Take the case of the TSG6 as highlighted by Tessa Munt MP recently. She was covered by Parliamentary Privilege when she made her revelations but they were absolutely staggering, accusing senior members of the Met of criminal acts, and, once again, highly questionable behaviour by Directorate of Professional Standards officers. You can read the transcript or watch the video elsewhere. Is this any way for an ethical organisation to behave?
Call me picky but I can’t think of a single Freedom of Information request that I have submitted (in relation to James) where the Met has actually told me anything. On at least one occasion I truly believe that the Met has LIED to me.
Another FOI is delayed while they consider the Health and Safety implications of supplying me with a set of Minutes of a meeting.
In relation to another I have asked for a redacted copy of a letter sent to James by DPS. They have refused this request on the grounds of Personal Data. The only Personal Data this letter could contain is someone’s name, i.e. the author of the letter.
This from an organisation that has had a policy for over 10 years that officers will display their first name and surname on their uniform or name badge.
So Personal Data under the terms of the Data Protection Act doesn’t really float does it?
Members of the House of Commons and the House of Lords have expressed their disapproval of James’ treatment at the hands of the Met. Is this any way for an ethical organisation to behave?
The Met briefed Counsel to oppose James at the first hearing of his Employment Tribunal, specifically to oppose Interim Relief, which, if granted, would have ensured a basic income continued up until his ET was settled one way of the other. A few thousand pounds. The Met spends millions on defending actions, paying compensation for something or other. There was a time when the Met would pay up without even questioning what it was for, but thankfully those days are over at least. All in all it has the smell of VINDICTIVE about the whole sorry saga.. Is this the way an ethical organisation should behave?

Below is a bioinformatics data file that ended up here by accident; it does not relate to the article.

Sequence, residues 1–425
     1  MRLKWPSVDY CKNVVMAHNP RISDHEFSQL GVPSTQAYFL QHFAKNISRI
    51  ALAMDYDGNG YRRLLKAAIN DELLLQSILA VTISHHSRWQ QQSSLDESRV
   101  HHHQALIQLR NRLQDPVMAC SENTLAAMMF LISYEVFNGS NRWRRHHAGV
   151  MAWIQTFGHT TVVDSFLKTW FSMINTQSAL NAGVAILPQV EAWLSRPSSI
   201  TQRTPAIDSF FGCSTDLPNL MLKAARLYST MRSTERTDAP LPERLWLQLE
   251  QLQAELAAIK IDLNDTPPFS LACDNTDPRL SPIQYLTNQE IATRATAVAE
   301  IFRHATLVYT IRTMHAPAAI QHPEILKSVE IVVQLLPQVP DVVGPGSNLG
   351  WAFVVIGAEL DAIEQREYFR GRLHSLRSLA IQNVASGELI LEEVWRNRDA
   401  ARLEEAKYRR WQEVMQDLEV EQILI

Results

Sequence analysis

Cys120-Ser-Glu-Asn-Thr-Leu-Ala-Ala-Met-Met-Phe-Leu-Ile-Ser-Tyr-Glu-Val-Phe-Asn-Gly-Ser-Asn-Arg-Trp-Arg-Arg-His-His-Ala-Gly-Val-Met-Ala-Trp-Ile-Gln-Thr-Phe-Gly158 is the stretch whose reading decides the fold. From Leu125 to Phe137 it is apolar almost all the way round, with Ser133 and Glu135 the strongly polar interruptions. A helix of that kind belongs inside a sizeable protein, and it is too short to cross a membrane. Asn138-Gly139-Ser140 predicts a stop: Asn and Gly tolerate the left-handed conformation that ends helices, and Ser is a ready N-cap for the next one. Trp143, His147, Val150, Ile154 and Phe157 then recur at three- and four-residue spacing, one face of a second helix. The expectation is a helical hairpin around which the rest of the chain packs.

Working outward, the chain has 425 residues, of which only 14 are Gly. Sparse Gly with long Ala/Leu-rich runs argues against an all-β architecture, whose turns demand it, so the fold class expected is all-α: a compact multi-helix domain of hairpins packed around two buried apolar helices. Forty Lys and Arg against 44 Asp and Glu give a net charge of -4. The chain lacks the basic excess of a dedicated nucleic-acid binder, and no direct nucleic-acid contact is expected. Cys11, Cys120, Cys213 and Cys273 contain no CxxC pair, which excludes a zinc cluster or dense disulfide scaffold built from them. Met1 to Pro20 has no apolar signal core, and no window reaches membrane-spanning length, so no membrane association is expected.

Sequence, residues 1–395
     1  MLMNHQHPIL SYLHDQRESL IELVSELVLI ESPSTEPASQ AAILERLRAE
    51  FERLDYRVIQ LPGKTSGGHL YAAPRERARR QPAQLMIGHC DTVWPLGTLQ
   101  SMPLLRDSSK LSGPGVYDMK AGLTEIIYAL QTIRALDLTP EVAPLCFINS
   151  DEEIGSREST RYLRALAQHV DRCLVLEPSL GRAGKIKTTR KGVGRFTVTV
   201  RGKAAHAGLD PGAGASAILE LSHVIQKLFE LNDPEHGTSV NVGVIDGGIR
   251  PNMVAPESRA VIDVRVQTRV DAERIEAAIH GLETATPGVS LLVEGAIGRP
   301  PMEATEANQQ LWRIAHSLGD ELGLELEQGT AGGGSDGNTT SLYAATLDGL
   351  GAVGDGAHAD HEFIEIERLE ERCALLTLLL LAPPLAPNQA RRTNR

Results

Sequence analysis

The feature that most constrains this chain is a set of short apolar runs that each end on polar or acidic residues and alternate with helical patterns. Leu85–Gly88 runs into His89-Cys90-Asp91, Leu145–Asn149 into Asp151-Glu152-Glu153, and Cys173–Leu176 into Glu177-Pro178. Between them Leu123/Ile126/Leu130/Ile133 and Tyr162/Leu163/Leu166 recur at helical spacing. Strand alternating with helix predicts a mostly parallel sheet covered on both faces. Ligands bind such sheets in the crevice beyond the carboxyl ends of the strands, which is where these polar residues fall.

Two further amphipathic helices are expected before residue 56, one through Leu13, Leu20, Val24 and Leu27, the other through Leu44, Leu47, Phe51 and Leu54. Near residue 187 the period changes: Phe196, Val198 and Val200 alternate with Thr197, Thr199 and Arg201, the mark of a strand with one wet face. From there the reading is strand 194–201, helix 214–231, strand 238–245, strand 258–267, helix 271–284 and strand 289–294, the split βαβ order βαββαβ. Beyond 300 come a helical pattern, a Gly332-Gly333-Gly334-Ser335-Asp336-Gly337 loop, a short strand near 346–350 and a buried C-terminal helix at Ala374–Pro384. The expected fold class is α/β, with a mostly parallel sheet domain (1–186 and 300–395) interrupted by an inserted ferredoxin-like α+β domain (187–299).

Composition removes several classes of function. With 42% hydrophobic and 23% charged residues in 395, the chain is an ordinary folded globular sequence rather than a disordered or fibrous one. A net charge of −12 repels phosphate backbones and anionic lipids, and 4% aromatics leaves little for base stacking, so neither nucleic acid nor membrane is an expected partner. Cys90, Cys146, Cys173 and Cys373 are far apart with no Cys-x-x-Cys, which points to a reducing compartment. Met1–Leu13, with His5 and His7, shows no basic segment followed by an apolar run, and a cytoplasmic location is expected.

I find myself with three questions;
Are the Senior Management of the Met and the officers of Directorate of professional Standards so out of control that they can treat their ‘underlings’ in this manner with impunity?
Is this merely blind panic as they find themselves in a situation they don’t know how to deal with and haven’t got the balls to admit it?
What on earth would happen if a PC/PS/DC/DS etc treated a member of the public, or even the criminal fraternity, with such venom and apparently a total lack of regard for Disclosure and the law in general?
It wouldn’t be a pat on the back and a quiet retirement I assure you, but then I’m stating the bleeding obvious again.
OK, I admit it, I’m biased, I know the author of this article personally, but I still think it’s a valid dissection of Theresa May’s vitriolic address to the Police Federation this year.
Ex DS Chris Hobbs has written a new article on Theresa May’s speech, and you can find the full article here.
Highlights of Chris’ article include;
a) She would know only too well the results of a recent survey carried out by the University of the West of England which shows police morale to be on the floor with nearly 50% of officers stating that they would move jobs if the opportunity presented itself. She would know that police staff surveys amongst virtually every force in the UK shows widespread disillusionment that should send alarm bells ringing throughout the Home Office.
Yet despite that, like a cowardly street corner thug, she ‘stuck the boot in’ to a world renowned police service which is already on its knees.
b) It wasn’t as if the Police Federation were short of ammunition. Met police whistleblower James Patrick’s book, ‘The Rest is Silence’ forensically dissected the dubious machinations around police reform to reveal dubious practices involving conflicts of interest bordering on corruption. Sadly James’s careful research became lost in the crime figures furore that surrounded the book and his appalling treatment as a police whistleblower.
c) From Hillsborough to Plebgate, Theresa May did not miss a trick in turning the knife in the already gaping police wounds yet, of course this ignores the fact that of the 132,000 serving officers and indeed a similar number of retired officers, only a tiny fraction of those not even numbering three figures, would be involved in the ‘transgressions’ mentioned almost jubilantly by the Home Secretary.